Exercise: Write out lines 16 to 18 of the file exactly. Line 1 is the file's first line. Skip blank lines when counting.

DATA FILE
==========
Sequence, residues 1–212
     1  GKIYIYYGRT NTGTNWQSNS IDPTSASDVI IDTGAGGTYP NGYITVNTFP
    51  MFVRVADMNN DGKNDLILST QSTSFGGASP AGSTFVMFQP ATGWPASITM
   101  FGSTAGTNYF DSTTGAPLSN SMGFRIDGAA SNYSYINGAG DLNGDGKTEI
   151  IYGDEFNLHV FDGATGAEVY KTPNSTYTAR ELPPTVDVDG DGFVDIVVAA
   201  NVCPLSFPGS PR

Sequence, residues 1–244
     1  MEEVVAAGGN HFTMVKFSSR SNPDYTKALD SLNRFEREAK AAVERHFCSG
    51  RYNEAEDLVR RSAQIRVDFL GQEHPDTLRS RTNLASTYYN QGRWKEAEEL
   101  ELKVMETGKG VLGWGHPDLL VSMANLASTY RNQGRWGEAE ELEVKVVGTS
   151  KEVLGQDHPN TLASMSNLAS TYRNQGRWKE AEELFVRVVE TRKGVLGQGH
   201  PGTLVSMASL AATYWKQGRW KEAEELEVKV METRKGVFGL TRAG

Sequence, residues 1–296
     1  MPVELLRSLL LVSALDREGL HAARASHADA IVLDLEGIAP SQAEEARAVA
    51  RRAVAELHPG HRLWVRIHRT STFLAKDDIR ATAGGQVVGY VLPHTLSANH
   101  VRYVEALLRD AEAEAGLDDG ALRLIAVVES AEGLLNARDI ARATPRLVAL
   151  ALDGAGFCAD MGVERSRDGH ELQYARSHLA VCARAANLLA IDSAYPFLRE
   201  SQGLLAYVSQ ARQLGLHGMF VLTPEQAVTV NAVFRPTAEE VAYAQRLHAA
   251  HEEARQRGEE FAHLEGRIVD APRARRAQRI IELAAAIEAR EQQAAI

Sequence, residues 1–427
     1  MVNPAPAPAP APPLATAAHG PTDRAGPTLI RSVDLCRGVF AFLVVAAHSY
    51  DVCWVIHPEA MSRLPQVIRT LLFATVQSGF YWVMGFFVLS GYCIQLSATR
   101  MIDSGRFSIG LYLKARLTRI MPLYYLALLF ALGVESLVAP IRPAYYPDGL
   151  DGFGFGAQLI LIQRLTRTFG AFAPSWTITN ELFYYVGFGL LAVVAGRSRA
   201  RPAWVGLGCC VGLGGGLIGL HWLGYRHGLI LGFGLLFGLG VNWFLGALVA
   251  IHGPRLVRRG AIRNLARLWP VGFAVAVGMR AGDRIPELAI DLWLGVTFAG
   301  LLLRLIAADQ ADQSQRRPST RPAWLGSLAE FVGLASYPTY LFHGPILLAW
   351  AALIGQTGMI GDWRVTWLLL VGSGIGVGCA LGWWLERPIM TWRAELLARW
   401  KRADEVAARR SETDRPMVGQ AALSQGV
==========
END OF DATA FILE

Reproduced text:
   101  VRYVEALLRD AEAEAGLDDG ALRLIAVVES AEGLLNARDI ARATPRLVAL
   151  ALDGAGFCAD MGVERSRDGH ELQYARSHLA VCARAANLLA IDSAYPFLRE
   201  SQGLLAYVSQ ARQLGLHGMF VLTPEQAVTV NAVFRPTAEE VAYAQRLHAA